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Weston Williamson and William Matthews’ ‘sugar cube’ gets go-ahead

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Camden Council has given planning approval for the first major structure to be built at Euston station as part of HS2

The new London Underground vent shaft and substation, designed by architects Weston Williamson + Partners with William Matthews Associates, will be a four-storey white cube, covered with more than 13,000 ivory-white glazed terracotta tiles.  

It will be built in Stephenson Way on the site of Wolfson House, an eight-storey 1960s office block originally built for University College London’s science department, which is currently being demolished. 

This work, which is due to finish at the end of the year, is expected to include the removal of 2,300 tonnes of concrete and 200 tonnes of steel. The early stages of the project saw the removal of 21 tonnes of asbestos.  

The new building will house a substation and electrical equipment as well as a vent shaft for the Northern line, allowing the old vent shaft to be removed to make way for new platforms for the high-speed rail service. It will be as big below ground as it is above, with tunnels linking it to the Northern line.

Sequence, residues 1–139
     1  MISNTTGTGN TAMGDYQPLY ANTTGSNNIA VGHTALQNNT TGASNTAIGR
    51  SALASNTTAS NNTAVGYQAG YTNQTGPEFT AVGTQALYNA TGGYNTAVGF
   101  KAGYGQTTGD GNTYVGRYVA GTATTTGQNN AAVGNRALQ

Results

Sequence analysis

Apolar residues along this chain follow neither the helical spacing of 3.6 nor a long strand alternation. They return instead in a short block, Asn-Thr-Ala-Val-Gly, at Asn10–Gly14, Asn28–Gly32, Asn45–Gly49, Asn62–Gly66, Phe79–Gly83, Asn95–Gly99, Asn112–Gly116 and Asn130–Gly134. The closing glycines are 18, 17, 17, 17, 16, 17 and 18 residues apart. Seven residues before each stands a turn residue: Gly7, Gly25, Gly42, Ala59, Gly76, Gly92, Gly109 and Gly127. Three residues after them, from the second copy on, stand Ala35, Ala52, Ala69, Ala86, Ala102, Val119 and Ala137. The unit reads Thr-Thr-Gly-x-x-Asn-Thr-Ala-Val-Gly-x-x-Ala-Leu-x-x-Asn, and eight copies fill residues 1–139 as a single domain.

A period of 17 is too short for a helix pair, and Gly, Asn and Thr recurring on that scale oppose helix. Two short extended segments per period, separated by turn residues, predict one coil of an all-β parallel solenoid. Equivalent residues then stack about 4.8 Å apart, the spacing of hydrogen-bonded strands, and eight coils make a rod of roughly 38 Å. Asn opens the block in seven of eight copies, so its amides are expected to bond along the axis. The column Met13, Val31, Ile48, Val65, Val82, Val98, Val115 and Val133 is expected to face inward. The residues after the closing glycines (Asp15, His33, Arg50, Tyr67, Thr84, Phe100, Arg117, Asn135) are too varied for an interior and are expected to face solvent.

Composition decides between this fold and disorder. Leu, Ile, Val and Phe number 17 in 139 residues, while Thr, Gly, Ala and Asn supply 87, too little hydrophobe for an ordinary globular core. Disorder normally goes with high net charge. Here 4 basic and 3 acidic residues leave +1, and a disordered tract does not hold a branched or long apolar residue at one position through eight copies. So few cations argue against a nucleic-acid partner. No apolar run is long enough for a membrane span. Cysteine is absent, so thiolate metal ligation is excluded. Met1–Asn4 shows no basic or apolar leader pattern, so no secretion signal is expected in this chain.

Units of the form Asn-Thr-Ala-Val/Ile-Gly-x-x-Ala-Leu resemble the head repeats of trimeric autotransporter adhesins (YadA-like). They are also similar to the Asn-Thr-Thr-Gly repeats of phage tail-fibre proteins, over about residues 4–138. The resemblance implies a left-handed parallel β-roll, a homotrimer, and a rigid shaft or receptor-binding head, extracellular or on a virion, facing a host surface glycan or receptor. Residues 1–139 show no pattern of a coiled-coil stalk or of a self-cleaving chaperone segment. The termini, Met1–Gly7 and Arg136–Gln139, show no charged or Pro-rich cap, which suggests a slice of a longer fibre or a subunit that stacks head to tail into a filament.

The design’s use of tiles is a nod to those featured in many Tube stations, including South Kensington and Covent Garden. A pattern of perforated tiles will allow air into the structure and variate the façade, leading it to be dubbed the ‘sugar cube’. 

Chris Williamson, founding partner of Weston Williamson + Partners, said: ‘The Euston vent shaft is an important and vital piece of urban infrastructure which facilitates a comfortable environment for all users. It has been a close collaborative design process and the result builds on the best of Britain’s infrastructure heritage, with the use of materials and expression of functional requirements.’ 

Rob Carr, HS2’s London programme director, said: ‘The new vent shaft and substation will be one of the first things we build and it’s important we get it right. I’m pleased that Camden has given us the green light and i hope this intriguing, functional and contemporary design will be welcomed by all those who live, work and travel through Euston.’

Camden council approved the plans for the vent shaft subject to an agreement on suitable lighting.

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Readers' comments (1)

  • In a civilised world it would be good if Camden could see their way to making further HS2 approvals for the station work conditional on the re-creation of the Euston Arch.
    This really would be 'welcomed by all those who live, work and travel through Euston' - and a correct a great wrong.

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